Chicago’s ridiculously high murder rate is largely driven by gang activity. And that’s not an exaggeration. Chicago has over 600 gang factions and their gang wars are responsible for much of the city’s death toll.
80 to 60 percent of Chicago’s murders are estimated to be gang related, with some gangs boasting tens of thousands of members.
Chicago politicians advocate fiercely for national gun control. And meanwhile they cozy up to the very gangs doing the killing.
At some of the meetings, the politicians arrived with campaign materials and occasionally with aides. The sessions were organized much like corporate-style job fairs. The gang representatives conducted hourlong interviews, one after the other, talking to as many as five candidates in a single evening. Like supplicants, the politicians came into the room alone and sat before the gang representatives, who sat behind a long table.
The former chieftains, several of them ex-convicts, represented some of the most notorious gangs on the South and West Sides, including the Vice Lords, Gangster Disciples, Black Disciples, Cobras, Black P Stones, and Black Gangsters. Before the election, the gangs agreed to set aside decades-old rivalries and bloody vendettas to operate as a unified political force, which they called Black United Voters of Chicago.
More than a quarter of those killed in Chicago last year were with the Gangster Disciples. Not a quarter of gang members. A quarter of all those killed. That’s 100 dead in just one cross-section of the gang wars.
The gang representatives were interested in electing aldermen sympathetic to their interests and those of their impoverished wards. As for the politicians, says Baskin, their interests essentially boiled down to getting elected or reelected. “All of [the political hopefuls] were aware of who they were meeting with,” he says. “They didn’t care. All they wanted to do was get the support.”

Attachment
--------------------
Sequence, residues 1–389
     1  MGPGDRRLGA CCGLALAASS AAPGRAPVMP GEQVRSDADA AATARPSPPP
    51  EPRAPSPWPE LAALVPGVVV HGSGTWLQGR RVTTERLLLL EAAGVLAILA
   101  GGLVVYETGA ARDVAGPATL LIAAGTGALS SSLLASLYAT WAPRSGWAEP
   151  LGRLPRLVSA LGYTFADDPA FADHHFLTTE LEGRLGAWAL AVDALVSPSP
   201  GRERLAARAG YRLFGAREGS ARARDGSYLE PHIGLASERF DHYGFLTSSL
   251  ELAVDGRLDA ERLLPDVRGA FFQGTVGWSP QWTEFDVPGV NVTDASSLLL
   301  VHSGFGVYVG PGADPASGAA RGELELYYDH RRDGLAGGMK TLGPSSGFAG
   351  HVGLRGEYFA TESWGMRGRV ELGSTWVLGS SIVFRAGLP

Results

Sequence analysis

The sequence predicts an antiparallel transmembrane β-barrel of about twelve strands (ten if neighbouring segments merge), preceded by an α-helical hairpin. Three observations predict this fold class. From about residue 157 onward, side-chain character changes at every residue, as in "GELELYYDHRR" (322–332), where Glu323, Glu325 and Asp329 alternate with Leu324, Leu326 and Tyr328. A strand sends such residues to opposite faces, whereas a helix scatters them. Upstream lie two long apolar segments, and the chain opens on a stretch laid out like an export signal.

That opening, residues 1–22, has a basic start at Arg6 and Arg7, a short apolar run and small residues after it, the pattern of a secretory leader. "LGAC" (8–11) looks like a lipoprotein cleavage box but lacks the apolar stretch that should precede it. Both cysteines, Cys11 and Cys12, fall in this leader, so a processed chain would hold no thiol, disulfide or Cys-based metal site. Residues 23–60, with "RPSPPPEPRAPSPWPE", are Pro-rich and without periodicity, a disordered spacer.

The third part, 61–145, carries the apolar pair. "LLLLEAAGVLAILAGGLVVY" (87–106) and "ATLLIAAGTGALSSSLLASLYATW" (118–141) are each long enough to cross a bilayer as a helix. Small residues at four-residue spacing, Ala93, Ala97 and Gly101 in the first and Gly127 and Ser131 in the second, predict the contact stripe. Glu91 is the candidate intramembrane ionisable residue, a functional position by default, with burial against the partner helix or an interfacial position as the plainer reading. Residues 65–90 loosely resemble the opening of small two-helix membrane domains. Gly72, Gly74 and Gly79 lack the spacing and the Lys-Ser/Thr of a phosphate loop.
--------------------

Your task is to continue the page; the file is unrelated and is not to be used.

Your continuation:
One wonders if Obama ever participated in similar meetings at any time. And what do the gangs offer Chicago politicians? A street army of their own.
Gangs can provide a decisive advantage at election time by performing the kinds of chores patronage armies once did.
“An alderman ain’t nothing without the backing of the neighborhood,” says a top-level Gangster Disciple from the South Side. “Without the gangs, it’s hard [for politicians] to exist.”
A Latin King, interviewed at Cook County Jail, recalls how the top leader of his gang, the Corona, ordered every member in his area to vote for Ricardo Muñoz, the 22nd Ward alderman. “Every chapter had to vote for that guy, anyone who was eligible to vote,” says the Latin King. “That was a direct order. That means you can’t say no. If you do, you face a violation”—typically a beating, or worse.
Democracy. Chicago style.
The gangs funnel their largess through opaque businesses, or front companies, and through under-the-table payments. In turn, grateful politicians use their payrolls or campaign funds to hire gang members, pull strings for them to get jobs or contracts, or offer other favors
Most alarming, both law enforcement and gang sources say, is that some politicians ignore the gangs’ criminal activities. Some go so far as to protect gangs from the police, tipping them off to impending raids or to surveillance activities—in effect, creating safe havens in their political districts. And often they chafe at backing tough measures to stem gang activities, advocating instead for superficial solutions that may garner good press but have little impact.
… like gun control.